Rutgers Cancer Institute of New Jersey
195 Little Albany Street
New Brunswick, NJ 08903-2681
As published in The Cancer Institute of New Jersey's newsletter Oncolyte, Winter 2013 edition
While having taken care of thousands of patients with lymphoma and other blood cancers, it is also at the laboratory bench where Joseph R. Bertino, MD, chief scientific officer at The Cancer Institute of New Jersey, leaves an indelible impression. Motivated by the passing of a young nephew from leukemia and the patients he first cared for as a resident, Dr. Bertino has devoted most of his life to improving therapies for cancer and hematologic disorders. For more than 50 years he has contributed his expertise toward establishing the foundation of modern cancer research.
How far has cancer research come in the past half century? To put things in perspective, a form of nitrogen mustard, developed initially for military use, was considered “advanced” for its time in the 1940s. It was used to treat lymphoma and became one of the first modern chemotherapy drugs. Methotrexate, used in the treatment of both solid and non-solid tumors, was another early chemotherapy drug that led to successful treatment outcomes and would serve as a focal point in later years for Bertino’s work. Over the past few decades, safer and more effective chemotherapy agents have been developed, but this form of treatment was still in its infancy when Bertino first started his career.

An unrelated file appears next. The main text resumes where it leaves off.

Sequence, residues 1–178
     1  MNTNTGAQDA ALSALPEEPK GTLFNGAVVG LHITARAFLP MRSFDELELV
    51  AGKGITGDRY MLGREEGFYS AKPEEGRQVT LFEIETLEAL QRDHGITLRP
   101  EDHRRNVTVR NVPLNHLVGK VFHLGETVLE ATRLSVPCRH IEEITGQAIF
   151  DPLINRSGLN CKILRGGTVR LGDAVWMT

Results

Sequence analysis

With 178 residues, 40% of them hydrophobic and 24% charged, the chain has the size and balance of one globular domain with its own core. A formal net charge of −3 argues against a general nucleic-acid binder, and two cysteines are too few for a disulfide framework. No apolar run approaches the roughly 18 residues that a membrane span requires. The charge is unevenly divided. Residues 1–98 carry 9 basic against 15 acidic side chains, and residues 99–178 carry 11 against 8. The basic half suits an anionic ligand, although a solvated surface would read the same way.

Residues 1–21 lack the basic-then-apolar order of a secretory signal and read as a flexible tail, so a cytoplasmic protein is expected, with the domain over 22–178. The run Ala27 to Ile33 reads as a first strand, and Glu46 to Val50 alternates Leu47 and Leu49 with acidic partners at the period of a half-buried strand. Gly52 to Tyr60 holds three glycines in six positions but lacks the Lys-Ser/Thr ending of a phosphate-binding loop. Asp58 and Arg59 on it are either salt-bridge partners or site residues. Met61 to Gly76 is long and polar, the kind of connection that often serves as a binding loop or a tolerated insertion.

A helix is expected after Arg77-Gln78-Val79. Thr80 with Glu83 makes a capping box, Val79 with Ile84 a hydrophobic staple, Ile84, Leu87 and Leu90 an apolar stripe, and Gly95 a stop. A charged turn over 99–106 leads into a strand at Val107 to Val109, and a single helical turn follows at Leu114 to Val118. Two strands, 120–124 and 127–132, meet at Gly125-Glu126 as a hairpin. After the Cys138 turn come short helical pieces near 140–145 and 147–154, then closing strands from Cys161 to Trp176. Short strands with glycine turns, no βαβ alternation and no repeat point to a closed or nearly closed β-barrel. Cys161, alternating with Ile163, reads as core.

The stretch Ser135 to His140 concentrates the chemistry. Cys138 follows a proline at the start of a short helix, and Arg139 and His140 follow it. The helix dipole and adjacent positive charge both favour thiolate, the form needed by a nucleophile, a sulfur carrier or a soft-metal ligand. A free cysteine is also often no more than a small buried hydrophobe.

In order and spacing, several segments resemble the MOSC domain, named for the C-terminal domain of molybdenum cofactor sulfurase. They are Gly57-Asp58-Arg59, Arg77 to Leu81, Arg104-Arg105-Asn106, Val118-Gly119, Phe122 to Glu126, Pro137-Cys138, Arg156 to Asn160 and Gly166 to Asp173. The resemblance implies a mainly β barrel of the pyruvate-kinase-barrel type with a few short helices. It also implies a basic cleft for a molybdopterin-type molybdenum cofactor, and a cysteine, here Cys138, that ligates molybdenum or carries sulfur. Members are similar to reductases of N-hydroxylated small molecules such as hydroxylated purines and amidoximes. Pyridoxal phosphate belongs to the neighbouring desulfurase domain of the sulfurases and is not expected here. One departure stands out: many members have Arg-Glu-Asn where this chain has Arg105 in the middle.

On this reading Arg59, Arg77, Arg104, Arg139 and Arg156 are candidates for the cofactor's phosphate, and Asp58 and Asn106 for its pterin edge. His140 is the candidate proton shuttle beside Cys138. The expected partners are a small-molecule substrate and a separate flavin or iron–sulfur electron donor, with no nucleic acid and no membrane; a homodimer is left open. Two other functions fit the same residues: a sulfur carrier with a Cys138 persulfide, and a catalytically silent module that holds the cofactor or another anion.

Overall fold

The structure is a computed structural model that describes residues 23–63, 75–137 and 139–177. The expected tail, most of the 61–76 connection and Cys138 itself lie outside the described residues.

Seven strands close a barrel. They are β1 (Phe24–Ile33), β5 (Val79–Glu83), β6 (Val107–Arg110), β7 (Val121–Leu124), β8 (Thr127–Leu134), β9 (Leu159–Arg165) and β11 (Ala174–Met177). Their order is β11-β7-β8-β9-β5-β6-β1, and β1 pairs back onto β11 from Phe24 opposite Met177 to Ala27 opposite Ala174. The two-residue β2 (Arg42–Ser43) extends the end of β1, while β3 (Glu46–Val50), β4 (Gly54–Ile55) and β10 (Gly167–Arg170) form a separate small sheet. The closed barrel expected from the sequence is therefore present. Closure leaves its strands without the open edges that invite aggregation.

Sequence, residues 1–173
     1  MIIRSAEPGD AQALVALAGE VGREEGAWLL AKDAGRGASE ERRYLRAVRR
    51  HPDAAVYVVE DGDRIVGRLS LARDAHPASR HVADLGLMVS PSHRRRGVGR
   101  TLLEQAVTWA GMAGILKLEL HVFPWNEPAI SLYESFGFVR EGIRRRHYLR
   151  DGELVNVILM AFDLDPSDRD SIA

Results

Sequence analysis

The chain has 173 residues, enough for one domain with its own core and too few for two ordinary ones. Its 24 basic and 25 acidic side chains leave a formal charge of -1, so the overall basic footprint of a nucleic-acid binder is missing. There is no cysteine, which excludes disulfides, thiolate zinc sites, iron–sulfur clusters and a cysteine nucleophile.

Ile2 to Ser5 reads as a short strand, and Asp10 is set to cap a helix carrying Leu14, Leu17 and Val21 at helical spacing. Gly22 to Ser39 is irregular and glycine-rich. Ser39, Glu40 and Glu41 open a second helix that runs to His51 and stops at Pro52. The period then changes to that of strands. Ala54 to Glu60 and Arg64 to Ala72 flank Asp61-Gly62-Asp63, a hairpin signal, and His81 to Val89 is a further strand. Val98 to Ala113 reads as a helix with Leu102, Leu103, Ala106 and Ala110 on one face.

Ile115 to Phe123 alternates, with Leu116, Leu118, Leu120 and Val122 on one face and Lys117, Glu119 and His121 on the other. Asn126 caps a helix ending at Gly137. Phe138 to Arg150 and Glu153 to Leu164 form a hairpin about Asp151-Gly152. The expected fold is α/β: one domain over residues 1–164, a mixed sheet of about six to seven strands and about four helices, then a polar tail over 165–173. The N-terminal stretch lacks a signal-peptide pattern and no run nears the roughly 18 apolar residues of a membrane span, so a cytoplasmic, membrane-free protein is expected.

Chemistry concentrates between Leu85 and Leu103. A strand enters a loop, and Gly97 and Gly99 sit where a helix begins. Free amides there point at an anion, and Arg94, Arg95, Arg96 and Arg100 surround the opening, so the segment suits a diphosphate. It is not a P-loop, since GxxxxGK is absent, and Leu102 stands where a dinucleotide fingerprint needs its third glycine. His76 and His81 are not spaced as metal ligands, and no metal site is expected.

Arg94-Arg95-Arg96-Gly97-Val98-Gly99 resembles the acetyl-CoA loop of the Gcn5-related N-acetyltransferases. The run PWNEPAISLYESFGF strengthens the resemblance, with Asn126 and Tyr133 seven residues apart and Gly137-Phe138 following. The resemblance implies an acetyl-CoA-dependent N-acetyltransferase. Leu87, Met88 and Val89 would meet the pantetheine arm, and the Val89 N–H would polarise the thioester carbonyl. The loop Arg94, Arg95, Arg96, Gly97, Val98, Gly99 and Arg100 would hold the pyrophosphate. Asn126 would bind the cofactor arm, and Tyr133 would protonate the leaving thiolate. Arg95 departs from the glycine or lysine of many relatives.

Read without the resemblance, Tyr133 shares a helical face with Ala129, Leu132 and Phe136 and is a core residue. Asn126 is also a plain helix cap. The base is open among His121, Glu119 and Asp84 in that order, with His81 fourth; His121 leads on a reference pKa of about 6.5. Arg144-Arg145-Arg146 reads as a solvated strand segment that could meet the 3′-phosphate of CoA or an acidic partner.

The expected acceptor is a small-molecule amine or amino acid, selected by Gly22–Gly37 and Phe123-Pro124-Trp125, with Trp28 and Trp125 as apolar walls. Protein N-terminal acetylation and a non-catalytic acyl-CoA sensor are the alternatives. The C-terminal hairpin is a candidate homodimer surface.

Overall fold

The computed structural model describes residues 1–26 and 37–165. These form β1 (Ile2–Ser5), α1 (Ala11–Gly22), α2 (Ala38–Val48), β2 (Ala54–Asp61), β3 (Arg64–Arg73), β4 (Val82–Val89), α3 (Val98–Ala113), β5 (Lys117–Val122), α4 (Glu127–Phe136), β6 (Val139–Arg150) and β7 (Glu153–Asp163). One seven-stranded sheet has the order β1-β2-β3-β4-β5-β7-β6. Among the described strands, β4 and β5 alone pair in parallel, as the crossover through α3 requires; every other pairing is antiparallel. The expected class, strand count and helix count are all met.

Through the years, Bertino has seen a number of game changers when it comes to cancer therapies – discoveries that re-defined how research is conducted and helped spur advanced treatments. In particular he notes: vinca alkaloids for leukemia/lymphoma; vinblastine for treating Hodgkin’s disease; doxyrubicin for a broad spectrum of cancers; and taxanes for breast cancer. But he says some of the most amazing advancements have been made just over the past 10 or 12 years with targeted therapies. For instance, the drug imatinib (brand name – Gleevec; FDA approved in 2001 for the treatment of certain chronic myelogenous leukemia [CML] and gastrointestinal stromal tumors) “showed you could target key protein abnormalities in cancer cells without damaging healthy, non-cancerous cells, with spectacular results. Use of this agent made fatal cancers more manageable for patients for years to come.”
Bertino himself has helped make significant advances in the treatment of leukemia and lymphoma. Defining why certain cancers become resistant to the drug methotrexate has been an important component of his life’s work that resonates even today. He and colleagues at The Cancer Institute of New Jersey (systems biologist Alexei Vazquez, PhD and graduate student Philip Tedeschi) recently found that aggressive tumors are characterized by upregulation of the glycine-serine pathway and mitochondrial folate enzymes, and are sensitive to inhibitors of DNA synthesis. At Yale University, Bertino and colleagues first showed the value of administering radiation post chemotherapy. In other research, he and his team showed the benefit of a combination therapy for non-Hodgkin’s lymphoma (one of the first curative regimens), which he says was personally gratifying. “In the late 1960s it was quite satisfying to see that some forms of cancer could be cured with chemotherapy,” Bertino noted.